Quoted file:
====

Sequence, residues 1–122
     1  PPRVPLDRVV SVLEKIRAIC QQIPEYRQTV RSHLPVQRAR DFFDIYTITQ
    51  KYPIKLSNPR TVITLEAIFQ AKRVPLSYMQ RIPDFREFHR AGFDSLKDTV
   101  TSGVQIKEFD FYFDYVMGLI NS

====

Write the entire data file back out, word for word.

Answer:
Sequence, residues 1–122
     1  PPRVPLDRVV SVLEKIRAIC QQIPEYRQTV RSHLPVQRAR DFFDIYTITQ
    51  KYPIKLSNPR TVITLEAIFQ AKRVPLSYMQ RIPDFREFHR AGFDSLKDTV
   101  TSGVQIKEFD FYFDYVMGLI NS